Olympia regulates outdoor dining to regain the mobility and use of sidewalks

Offers two permit options


After being lax during the pandemic year, Olympia Engineering Program specialist Andrew Curtis said the city is now regulating outdoor dining in downtown businesses.

Curtis spoke at the Parking and Business Improvement Area (PBIA) meeting yesterday, November 2. He discussed the city policy for the private commercial use of the public right-of-way (ROW), sidewalks and alleys for downtown outdoor dining, and the state's tax to collect starting next year.

"During the pandemic, we made a quick pivot to accommodate outdoor dining to keep the businesses going. But now we need to get back to and hopefully clarify the rules for businesses using the public right-of-way," Curtis said.

He said that while the city supports outdoor dining, they cannot lose sight of the sidewalks' purpose or use, which is mobility. They must keep it safe for pedestrians, maintain traffic sightlines, and maintain emergency exits.

"The right-of-way is a public resource that belongs to everyone, not just adjacent businesses," Curtis clarified.

"We also need to follow state laws… and collect the leasehold excise tax on behalf of the state, something the city is required to do," Curtis added.

According to Curtis, the leasehold excise tax is a state tax levy on the permanent private occupation of what is considered public space. Outdoor dining using the right-of-way is leasehold excise taxable.

Permit options

Because the state requires tax collection for any permanent private occupation of public sidewalks, Curtis said the city developed two permitting pathways.

He said the state considers permanent and is subject to tax any occupation of the right-of-way lasting 30 days and railings anchored into the sidewalks, fences, fixtures, and platform that stay in place.

For permanent fixtures, businesses need:

  • A ROW lease agreement with the city, typically a four-year term
  • Building permits for new railings/fixtures
  • Certificate of Insurance
  • Building permit cost depends on the scope
  • Fees including ROW rental fee at $2.75 per square feet/year; state leasehold excise tax set at 12.84% of the total rent

The city also offers a temporary permitting pathway or arrangement.

Outdoor dining is considered temporary as long as tables and chairs are pulled in once every 29 days. No payment of the leasehold excise tax is needed.

For businesses who opt for temporary use of right-of-way or sidewalk, Curtis listed the following requirements:

  • Apply for a sidewalk café (pedestrian interference permit) from the city, which would need to be renewed yearly. The permit is approximately $200/year.
  • The business would outline the dining area with demarcation medallions or blue dots, leaving room for pedestrian access on the sidewalk and following other safety guidelines. The medallions cost $10 each.
  • The business' liability insurance needs to cover the city right-of-way

Clean Alley Credit

Olympia is implementing a new program called "Clean Alley Credit.” The city wants businesses to adopt and take care of the alleys that do not have use for city services, such as waste pick-up, and are not needed for pedestrian mobility the same way the sidewalks.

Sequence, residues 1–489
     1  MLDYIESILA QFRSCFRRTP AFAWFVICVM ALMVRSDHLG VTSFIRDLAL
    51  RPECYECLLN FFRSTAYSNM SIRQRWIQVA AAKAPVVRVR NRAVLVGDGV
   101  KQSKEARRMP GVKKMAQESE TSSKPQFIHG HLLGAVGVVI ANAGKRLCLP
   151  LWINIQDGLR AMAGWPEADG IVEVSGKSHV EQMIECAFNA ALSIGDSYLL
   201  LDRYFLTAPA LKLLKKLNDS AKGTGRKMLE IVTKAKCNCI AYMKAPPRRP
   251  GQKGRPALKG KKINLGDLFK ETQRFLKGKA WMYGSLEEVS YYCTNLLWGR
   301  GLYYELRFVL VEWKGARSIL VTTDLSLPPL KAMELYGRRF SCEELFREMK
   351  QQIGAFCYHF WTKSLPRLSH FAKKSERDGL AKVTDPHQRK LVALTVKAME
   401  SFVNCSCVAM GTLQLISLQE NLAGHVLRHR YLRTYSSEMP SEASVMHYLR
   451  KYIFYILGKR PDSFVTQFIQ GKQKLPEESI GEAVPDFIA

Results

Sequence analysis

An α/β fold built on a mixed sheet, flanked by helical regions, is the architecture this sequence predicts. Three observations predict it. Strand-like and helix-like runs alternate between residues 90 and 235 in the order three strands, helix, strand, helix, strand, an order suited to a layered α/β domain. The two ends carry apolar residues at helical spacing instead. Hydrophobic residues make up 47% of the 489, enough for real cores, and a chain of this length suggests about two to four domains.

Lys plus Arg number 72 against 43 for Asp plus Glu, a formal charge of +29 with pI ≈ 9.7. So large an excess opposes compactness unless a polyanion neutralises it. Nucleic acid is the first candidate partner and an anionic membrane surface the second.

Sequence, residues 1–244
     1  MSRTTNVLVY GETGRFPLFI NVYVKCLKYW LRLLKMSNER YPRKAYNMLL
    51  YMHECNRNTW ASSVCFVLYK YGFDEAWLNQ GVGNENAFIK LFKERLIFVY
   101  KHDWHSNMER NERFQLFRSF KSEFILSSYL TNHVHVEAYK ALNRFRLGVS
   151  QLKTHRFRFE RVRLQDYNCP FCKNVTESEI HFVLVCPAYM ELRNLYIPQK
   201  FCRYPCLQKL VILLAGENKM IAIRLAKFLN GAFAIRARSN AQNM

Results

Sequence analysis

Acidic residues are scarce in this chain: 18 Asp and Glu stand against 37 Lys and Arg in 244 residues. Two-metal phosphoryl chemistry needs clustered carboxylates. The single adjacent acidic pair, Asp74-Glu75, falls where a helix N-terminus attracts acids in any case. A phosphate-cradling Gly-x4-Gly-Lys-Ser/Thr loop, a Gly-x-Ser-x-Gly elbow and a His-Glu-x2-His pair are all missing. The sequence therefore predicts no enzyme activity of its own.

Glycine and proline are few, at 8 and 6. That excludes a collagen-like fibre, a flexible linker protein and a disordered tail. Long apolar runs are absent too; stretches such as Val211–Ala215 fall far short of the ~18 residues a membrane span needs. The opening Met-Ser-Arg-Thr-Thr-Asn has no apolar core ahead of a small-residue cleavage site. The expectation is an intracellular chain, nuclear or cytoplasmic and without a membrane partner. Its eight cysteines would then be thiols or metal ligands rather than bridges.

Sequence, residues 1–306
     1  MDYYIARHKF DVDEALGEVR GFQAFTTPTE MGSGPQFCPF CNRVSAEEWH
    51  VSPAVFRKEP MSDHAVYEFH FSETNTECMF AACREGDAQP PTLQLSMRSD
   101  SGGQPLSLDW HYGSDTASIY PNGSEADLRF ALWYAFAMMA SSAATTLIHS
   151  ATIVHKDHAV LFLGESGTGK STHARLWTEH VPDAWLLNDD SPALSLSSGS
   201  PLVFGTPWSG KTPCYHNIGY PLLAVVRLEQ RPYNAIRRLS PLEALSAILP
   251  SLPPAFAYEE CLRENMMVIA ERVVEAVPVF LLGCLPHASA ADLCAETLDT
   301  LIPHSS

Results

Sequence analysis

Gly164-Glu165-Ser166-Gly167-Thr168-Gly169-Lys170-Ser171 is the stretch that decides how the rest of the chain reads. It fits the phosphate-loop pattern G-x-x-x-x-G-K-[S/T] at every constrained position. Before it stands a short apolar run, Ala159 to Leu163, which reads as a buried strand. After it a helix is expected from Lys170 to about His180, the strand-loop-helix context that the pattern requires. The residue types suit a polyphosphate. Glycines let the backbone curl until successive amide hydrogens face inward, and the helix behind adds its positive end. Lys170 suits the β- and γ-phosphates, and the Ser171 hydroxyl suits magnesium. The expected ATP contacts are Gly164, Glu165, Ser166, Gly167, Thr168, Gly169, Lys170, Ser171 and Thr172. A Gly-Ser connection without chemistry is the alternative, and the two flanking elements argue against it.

"The city would credit them the rent they would typically pay for using the public ROW," Curtis informed the PBIA board members. "The rationale behind this credit is that it costs the city a lot of money to clean… and other city resources to maintain."

However, the city would need to collect the state leasehold excise tax for those with a permanent permit.


6 comments on this item Please log in to comment by clicking here

  • ShirleyM3648

    Instead of going after a non-problem, tackle the pressing issue of tents on sidewalks, scattered trash and other debris blocking wheelchair and pedestrian access.

    Thursday, November 3, 2022 Report this

  • pheong

    So, all the restauranteurs on Ensign Road will soon be contributing their share no doubt. None of the crap that accumulated on Ensign should have been tolerated for even a day. To have allowed the campers to hamper quick emergency travel by failing to address Ensign Road clogging is just another example of a neutered city government.

    Where was the City Manger as the situation on Ensign became worse and worse?

    Ah, I know, setting rules for placement of flags on 4th in addition to those on Capital for desiginated holidays. This 50's style of city management has long since served its purpose. Time for rules with teeth that are enforced, fully and fairly.

    Friday, November 4, 2022 Report this

  • GmaMaggie

    It's about time. Pedestrians deserve the dignity of not having to endanger themselves in traffic just to get past a restaurant where no one is eating.

    Now can we talk about how many businesses can't seem to understand how to keep their foliage off of the sidewalks?

    Let's all try to respect one another's ability to get around. Not everyone owns a car, and more people shouldn't.

    Friday, November 4, 2022 Report this

  • Tractor1

    It is really a shame that Olympia is unable to apply the same criteria to the effects of homeless campers who choose to set up quarters on sidewalks and use alleys as their personal sanitary (?) facilities.

    Friday, November 4, 2022 Report this

  • DalePutnam

    As per other comments, take care of the "homeless" use of the sidewalks before worrying about business use.

    Friday, November 4, 2022 Report this

  • Connie

    Dining outside is a wonderful way to revitalize the downtown! I think we need more of it, the sidewalks should be wider and perhaps make Capitol Way a one way street or reduce the parking on that street and build a parking garage. There are probably other creative ways to do this. Europe has a LOT of outdoor dining, all year round, and people love it

    Saturday, December 10, 2022 Report this